For proper implementation of pro-poor tourism, it is essential that different stakeholders are effectively integrated for maximizing the potential and alleviating poverty (Weaver, Tang & Zhao, 2020). Stakeholders must be involved in pro-poor tourism in such a way that the local capacity is elevated and better decision-making is done. The macro stakeholders ensure that the diversity of actions involving marketing, policy development, planning and investment is done in an effective custom (Higgins-Desbiolles, 2018). Apart from the civil society and the private sectors, the key stakeholders involved in pro-poor tourism are the government bodies who are responsible for advocating partnership and enhancing the economic opportunities for poor people. They ensure the social environment impact is improved, capacity building, infrastructure, a provision of the basic services and empowerment is done. According to Deng, Zeng & Xiao (2017), the macro stakeholder plays an imperative role in enhancing the infrastructure which forms a basic need to prepare tourism. In Tanzania, the Community Tourism Programme is an evaluator of the community tourism aimed at poverty alleviation (Ravallion, Himelein & Beegle, 2016). The Other stakeholders involved are national parks, hotels, airlines and local communities. The Travel and Tourism Advisory Board of United States and Committee on Tourism and Sustainability (CST) under UNWTO plays a critical role in acting as an advisory body to the secretary of commerce in terms of sustainable tourism in the country (Johnson, Mayrand & Paquin, 2016).
The CST is aimed at monitoring the implementation of different programs under the sustainable development of tourism. It is also known for assisting the secretariat in implementation of different recommendations to the Executive Council and different bodies of the organisation. The board makes sure that the strengthening of small tourism enterprises and initiatives is done. The collective income of different organisations is also considered as a source of investment funding. In the annual report of the year 2015, WTO focused on effective resource management for reducing poverty and ensuring inclusive growth (Johnson, Mayrand & Paquin, 2016). It has articulated different objectives which are aimed at promoting homogeneity and proper design and implementation of local tourism. The WTO is making efforts to catalyse the private and public sector innovation collaboratively with the UNCTAD for eliminating poverty.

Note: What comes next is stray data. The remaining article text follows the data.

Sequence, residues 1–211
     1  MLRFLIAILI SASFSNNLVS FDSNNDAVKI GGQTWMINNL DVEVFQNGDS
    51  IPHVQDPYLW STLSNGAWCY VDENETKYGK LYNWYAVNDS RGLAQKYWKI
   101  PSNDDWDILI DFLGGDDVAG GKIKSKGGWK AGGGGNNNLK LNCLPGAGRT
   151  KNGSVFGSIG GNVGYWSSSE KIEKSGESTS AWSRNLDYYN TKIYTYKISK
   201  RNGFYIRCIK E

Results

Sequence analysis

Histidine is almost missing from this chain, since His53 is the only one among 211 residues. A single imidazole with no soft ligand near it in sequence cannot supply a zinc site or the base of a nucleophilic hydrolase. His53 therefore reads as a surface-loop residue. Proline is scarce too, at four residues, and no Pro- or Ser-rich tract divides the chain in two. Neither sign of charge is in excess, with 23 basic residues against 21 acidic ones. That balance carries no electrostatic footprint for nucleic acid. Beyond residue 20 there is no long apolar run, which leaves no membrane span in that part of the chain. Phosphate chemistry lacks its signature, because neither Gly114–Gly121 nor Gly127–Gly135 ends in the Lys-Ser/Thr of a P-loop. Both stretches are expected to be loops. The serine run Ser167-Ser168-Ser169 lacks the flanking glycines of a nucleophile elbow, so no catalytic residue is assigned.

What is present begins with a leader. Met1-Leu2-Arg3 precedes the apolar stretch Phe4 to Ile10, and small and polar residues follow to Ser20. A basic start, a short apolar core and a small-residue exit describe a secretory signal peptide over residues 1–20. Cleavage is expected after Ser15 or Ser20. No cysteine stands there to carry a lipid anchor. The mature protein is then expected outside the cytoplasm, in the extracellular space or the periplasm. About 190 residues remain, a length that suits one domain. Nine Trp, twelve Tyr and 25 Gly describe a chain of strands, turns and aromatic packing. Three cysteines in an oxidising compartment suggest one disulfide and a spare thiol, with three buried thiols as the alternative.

The government is laying emphasis on increasing the tourist length of stay, developing complementary products and handling the planning and infrastructure, reducing seasonality, providing effective training and employment, increasing the visitor expenditure and spreading the benefits of tourism across different geographic regions so that the poor households can effectively gain the benefit. As a part of sustainable tourism, the government of different countries are coming together to facilitate local community access to the market of tourism and maximize the linkages by minimising the overall leakages (Johnson, Mayrand & Paquin, 2016). The government of South Africa has made use of government policy for encouraging different private sectors for adopting production practices and monitoring and reporting the same. Similarly, in Nepal, all the potential local communities and the tour operators have increased the participation in tourism henceforth, contributing to poverty alleviation. WTO has launched a project known as ST-EP which has its focus on re-incentivizing sustainable Tourism for ecological, social and economic perspective and hence, eliminating poverty in the poorest countries especially the LCDs (Johnson, Mayrand & Paquin, 2016).
The industry players play a cardinal role in the tourism sector in ensuring that sustainability is maintained. Some of the key tourism industry players are national parks, hotels, airlines and local communities. They acknowledge that this sector is a labour-intensive one and hence, it is crucial that they develop a value-chain approach and ensure that the leakages are reduced (Johnson, Mayrand & Paquin, 2016). They can promote pro-poor strategies and communicate the same to the local communities at the ground level and also provide virtuous employment prospects.
Local communities act as genuine and moral stakeholders in this industry. They play an integral role in the enforcement of the rules and regulations in the context of sustainable tourism (Higgins-Desbiolles, 2018). Involving the local communities will not only cultivate their support but will also benefit them in monetary and social aspects. It will contribute to the overall standard of living.